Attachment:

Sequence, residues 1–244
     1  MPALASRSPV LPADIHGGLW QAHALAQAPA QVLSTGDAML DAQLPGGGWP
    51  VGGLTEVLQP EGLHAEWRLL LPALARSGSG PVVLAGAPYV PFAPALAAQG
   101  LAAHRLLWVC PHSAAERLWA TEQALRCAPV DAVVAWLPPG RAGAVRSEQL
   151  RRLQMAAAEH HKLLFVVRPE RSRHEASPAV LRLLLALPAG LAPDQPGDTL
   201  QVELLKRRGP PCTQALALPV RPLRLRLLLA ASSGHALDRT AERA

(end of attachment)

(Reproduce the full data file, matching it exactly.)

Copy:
Sequence, residues 1–244
     1  MPALASRSPV LPADIHGGLW QAHALAQAPA QVLSTGDAML DAQLPGGGWP
    51  VGGLTEVLQP EGLHAEWRLL LPALARSGSG PVVLAGAPYV PFAPALAAQG
   101  LAAHRLLWVC PHSAAERLWA TEQALRCAPV DAVVAWLPPG RAGAVRSEQL
   151  RRLQMAAAEH HKLLFVVRPE RSRHEASPAV LRLLLALPAG LAPDQPGDTL
   201  QVELLKRRGP PCTQALALPV RPLRLRLLLA ASSGHALDRT AERA